France will win the Davis Cup for the 10th time today, overtaking Britain in third place behind the United States (with 31 wins) and Australia (27), unless Russia's Marat Safin and Yevgeny Kafelnikov can dredge reserves of inspiration to compensate for fatigue after losing the doubles in five sets yesterday. The Russians are 2-1 down with two singles to play.
The killer blow in yesterday's contest and perhaps the final was the Russians' inability to consolidate a lead of two sets to one and 2-0 in the fourth set against Fabrice Santoro and Nicolas Escudé. The Frenchmen broke back to 2-2, and then cracked Safin's serve for the first time in the match to take a decisive 4-2 lead. When Safin was broken a second time at the start of the fifth set, the spirit began to drain from the Russians and their animated chief supporter, Boris Yeltsin.
Yeltsin led the applause and raised his right arm in a clench-fisted salute after the Russian team had taken the initiative. The former president's wife, Naina, waved a small Russian flag, which drooped as their optimism turned to disappointment.
Santoro and Escudé, having watched Safin defeat the debutant Paul-Henri Mathieu, and then Sebastien Grosjean level the tie by overwhelming Kafelnikov on Friday, can now sit back and savour the concluding singles matches after prevailing yesterday, 6-3 3-6 5-7 6-3 6-4.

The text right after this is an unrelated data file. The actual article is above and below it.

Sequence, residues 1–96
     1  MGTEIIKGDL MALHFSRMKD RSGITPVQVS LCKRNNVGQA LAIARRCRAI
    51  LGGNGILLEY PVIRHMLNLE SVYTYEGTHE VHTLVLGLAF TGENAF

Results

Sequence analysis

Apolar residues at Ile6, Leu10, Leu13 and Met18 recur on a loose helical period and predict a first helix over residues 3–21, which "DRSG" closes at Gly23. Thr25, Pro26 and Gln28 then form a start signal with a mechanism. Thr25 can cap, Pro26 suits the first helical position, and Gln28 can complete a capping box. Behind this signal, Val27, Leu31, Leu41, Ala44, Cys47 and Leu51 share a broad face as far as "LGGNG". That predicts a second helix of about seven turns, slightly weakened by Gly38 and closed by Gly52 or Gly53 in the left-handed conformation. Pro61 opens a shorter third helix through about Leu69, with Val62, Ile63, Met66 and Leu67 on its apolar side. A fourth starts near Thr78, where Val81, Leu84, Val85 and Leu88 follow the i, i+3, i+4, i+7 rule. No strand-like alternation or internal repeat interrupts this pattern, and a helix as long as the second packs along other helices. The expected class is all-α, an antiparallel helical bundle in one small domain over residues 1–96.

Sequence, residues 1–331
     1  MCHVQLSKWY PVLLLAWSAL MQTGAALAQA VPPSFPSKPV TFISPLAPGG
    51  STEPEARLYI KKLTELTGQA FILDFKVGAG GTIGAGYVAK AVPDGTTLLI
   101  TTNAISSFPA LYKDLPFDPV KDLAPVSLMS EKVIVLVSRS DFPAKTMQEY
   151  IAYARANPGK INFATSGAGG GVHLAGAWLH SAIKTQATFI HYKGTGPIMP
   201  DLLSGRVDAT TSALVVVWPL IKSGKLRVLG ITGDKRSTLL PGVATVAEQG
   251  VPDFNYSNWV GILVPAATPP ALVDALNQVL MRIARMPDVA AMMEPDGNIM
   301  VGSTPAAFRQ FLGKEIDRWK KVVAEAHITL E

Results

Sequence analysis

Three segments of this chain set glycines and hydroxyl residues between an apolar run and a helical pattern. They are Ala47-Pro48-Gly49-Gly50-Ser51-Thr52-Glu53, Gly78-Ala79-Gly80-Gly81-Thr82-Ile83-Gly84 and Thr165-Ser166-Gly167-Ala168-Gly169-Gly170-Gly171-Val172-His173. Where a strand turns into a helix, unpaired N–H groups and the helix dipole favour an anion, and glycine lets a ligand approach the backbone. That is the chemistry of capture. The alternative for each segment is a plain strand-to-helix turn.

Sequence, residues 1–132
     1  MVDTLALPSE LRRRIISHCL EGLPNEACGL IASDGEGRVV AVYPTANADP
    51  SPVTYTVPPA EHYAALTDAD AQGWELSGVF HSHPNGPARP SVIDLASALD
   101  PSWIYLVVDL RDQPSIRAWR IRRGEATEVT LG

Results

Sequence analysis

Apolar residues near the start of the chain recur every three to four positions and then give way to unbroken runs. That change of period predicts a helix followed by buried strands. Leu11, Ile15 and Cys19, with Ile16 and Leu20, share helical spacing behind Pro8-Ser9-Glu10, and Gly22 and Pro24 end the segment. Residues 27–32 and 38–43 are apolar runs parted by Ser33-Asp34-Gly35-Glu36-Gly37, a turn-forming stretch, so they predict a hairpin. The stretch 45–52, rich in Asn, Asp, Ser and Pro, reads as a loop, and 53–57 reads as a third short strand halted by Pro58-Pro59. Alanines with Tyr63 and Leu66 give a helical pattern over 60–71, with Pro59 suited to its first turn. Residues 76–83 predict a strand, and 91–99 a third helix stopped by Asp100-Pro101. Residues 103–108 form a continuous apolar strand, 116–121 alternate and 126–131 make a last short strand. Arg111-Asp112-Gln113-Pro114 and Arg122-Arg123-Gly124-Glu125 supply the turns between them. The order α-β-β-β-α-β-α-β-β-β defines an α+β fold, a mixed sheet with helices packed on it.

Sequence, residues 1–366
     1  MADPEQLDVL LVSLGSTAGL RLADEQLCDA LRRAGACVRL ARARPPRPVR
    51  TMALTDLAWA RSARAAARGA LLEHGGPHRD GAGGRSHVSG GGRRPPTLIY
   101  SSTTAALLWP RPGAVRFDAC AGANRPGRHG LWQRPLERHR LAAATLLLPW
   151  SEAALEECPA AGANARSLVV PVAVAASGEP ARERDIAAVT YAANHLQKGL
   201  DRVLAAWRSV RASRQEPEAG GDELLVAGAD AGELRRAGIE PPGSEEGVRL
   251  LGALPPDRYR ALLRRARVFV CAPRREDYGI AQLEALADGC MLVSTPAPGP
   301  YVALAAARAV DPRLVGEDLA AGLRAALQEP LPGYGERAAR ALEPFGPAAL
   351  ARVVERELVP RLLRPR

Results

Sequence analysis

Russia's two-man force will try to mock the odds against them as they drag their weary limbs into a third day of campaigning. Safin must overcome Grosjean in a duel of the No 1s in order to give Kafelnikov the chance to win the tie in a fifth rubber against Mathieu. As things stand, the 28-year-old Kafelnikov's dream of retiring in possession of the trophy seems remote.
Kafelnikov, who was on the losing side in Russia's two previous finals, against Sweden in 1994 and the US in 1995, needed to perform better than he did against Grosjean to take the pressure off pressure he had built by saying for months that he wanted to end his career with a Davis triumph.
While yesterday's doubles was an anti-climax for the Russians, it was a marvellous match, full of twists of fortune, dazzling rallies and agonising errors of judgement. Having broken Kafelnikov's serve in the fourth game, the Russian double-faulting, the Frenchmen took the opening set without extending themselves. Yeltsin took off his jacket, as if he wanted to join in.
Kafelnikov's serve was threatened again in the third game of the second set, but he saved a break point with a potent second serve. Santoro lost his serve in the fourth game, Kafelnikov winning a spectacular exchange. Yeltsin leaned forward in anticipation.
Although Kafelnikov lost his serve for 1-3 in the third set, Santoro was broken twice. Escudé, who wore a support for his lower back, had treatment before the start of the fourth set. He lost his serve in the opening game, but made amends by breaking Safin for 4-2 to put the home supporters in the mood for a party.